QUESTION: What is shunyata?

SHORT ANSWER: Sunyata is the completion of learning

LONGER ANSWER: The important thing is to have the Dharma in your heart. How does this come about? There could be a million different ways. Perhaps something happens in life that shakes one’s complacency. One sees this with many of the great figures - both Dogen and Honen were orphans. Perhaps one has a disaster like Nagarjuna seeing his friends cut down by the guards. These things make one take life more seriously and one starts to learn the lessons in a deeper way. One yearns to get to the bottom of it all, to learn completely. This is the driving force of a life koan. These kinds of things, however, are adventitious. Life brings challenges. Mostly we try to avoid them and so only learn to hide. Is there a simple practice that we can use that will serve even if one has not had a great disaster in life?

One of the best ways is to always say the nembutsu. This is because the name of Amida Buddha includes all of the virtues of all the Buddhas; it encompasses all the possible practices. Individual practices each have their merit. To sit still for long periods of time certainly calms the mind and imparts a certain discipline. This has value. To do virtuous acts of charity cultivates the spirit of generosity. To make offerings at the temple teaches one the spirit of devotion. To make prostrations incises humility upon body and mind. All of these and many other virtuous practices are good. They are good for self in that one learns something and they are good for others in that one becomes a more kind, wise and useful presence for them in the world. All of these are means of learning. Generally speaking, however, those who practise these practices rarely complete such learning; they rarely integrate the learning totally in their heart. They sit on the meditation cushion for many hours but then go forth and become stressed and busy-minded all over again. They do acts of charity, but a meanness remains in the back of the mind. They make offerings, but want something in return. They make prostrations, but do not stay humble long. They have gone through the motions of the practice but they have not completed the learning. Consequently the mind does not arrive at emptiness. As Honen said, all of these are excellent and true but few people succeed.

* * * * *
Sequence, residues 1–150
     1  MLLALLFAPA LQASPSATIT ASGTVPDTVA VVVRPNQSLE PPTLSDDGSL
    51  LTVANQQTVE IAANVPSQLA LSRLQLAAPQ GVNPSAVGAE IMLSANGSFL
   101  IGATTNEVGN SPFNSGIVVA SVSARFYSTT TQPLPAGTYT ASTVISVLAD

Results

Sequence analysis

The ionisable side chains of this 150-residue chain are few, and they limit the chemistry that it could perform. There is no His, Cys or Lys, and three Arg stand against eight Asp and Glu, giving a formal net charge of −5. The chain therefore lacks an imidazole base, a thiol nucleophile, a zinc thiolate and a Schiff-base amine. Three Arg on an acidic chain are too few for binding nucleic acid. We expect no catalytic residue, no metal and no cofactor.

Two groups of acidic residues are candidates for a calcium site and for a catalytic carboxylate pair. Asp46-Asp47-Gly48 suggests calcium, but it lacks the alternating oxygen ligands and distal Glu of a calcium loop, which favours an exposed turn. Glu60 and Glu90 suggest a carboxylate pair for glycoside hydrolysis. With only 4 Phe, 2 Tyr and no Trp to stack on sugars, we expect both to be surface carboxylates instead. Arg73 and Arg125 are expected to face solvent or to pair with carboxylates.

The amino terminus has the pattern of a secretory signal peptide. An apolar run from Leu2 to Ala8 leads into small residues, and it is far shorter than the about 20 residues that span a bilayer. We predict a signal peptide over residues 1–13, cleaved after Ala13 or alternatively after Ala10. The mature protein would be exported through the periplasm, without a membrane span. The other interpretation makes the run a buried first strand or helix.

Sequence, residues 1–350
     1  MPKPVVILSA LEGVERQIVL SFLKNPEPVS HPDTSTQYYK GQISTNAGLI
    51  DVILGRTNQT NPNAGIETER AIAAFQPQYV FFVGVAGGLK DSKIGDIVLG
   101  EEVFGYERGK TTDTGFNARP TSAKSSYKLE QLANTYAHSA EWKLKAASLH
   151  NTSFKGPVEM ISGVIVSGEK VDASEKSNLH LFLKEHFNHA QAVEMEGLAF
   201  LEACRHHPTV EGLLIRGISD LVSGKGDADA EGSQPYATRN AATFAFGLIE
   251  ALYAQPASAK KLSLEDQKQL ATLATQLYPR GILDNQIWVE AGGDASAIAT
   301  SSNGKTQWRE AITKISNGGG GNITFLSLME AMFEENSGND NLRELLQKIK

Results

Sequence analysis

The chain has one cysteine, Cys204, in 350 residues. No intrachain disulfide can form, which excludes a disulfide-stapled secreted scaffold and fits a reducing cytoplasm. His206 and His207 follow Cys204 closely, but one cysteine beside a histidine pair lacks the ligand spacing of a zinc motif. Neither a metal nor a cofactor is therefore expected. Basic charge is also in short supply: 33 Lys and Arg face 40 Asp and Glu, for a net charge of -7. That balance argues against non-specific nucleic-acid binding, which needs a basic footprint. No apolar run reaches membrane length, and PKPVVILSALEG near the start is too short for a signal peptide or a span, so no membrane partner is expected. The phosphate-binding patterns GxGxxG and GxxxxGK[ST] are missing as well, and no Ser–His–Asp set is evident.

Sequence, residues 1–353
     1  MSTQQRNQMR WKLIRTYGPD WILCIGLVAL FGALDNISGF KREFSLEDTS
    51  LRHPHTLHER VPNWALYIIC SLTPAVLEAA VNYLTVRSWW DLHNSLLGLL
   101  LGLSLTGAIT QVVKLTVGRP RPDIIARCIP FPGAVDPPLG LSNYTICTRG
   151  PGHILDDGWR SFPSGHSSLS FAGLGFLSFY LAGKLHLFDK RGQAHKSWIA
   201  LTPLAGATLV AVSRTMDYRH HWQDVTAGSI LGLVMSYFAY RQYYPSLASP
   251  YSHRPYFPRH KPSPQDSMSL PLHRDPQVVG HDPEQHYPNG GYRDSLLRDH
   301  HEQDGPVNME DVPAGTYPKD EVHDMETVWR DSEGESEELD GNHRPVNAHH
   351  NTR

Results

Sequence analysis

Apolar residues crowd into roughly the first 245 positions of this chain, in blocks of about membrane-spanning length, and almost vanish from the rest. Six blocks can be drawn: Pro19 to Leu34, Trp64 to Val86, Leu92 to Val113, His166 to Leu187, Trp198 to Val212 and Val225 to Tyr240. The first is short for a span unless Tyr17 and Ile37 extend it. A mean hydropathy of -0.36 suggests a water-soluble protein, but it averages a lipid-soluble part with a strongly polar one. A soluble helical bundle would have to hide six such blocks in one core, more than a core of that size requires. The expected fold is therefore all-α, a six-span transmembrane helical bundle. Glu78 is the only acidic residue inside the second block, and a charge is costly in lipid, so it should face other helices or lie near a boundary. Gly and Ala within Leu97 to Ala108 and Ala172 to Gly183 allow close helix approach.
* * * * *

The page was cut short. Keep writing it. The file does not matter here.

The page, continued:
Nembutsu has the merit of being very simple yet all-encompassing. One merely says the name of the Buddha. It goes straight to the heart of the matter. This is like planting a seed in the ground. From one single seed may grow a great tree, the tree of the Dharma. The tree of the Dharma is different from other kinds of trees in that it has many different kinds of fruit. An apple tree bears apples only, a cherry tree only cherries, but the tree of the Dharma bears all kinds of good fruits. If this can come from one seed, how much more from many! Reciting the nembutsu is like scattering seed. Even in unexpected places, the Dharma may take root and flourish. As a result, the spirit of all the practices may be integrated in one's being. It gets under the skin without the ego being able to appropriate it. One then lives that spirit naturally. One becomes more humble, more generous, more devoted, more calm, and so on, not because one has set goals in each of these areas, but because one has the Dharma in one’s heart, one has learnt the lesson completely without really knowing what one was doing.

To learn a lesson completely is to have it totally integrated so that one no longer has to think about it. We can see this in the case of any skill. The Buddha was once asked if he had to prepare his lectures and he replied that he did not have to prepare because he knew it. The Dharma was so much what he was that he naturally responded to each situation or each audience and that was enough. He arrived at the lecture hall empty, but as soon as he saw the people he knew exactly what he must say. Such integration can come as a result of repetition. A skilled wood carver has carved many pieces of wood. He know how to do it. if you give him a piece of wood, as soon as he sees it he knows what he must do. The knowledge is complete in him. When the knowledge is complete the mind is empty. This is shunyata. When the mind is empty it is ready. As soon as something comes and fills it it responds in the appropriate way.

This is how one aspires to be with the Dharma. If one really has the Dharma in one’s heart, then the mind is empty and ready. Whatever comes along one will respond. That response will be “Namo Amida Bu” and in that response will be humility, generosity, devotion, equanimity and a multitude of other virtues, but this will not be because one has cultivated each of these individually but rather because the fundamental spirit of the Dharma has penetrated one’s heart directly. When the man comes to cut off one’s head, “Namo Amida Bu”. The learning is complete. That is shunyata.

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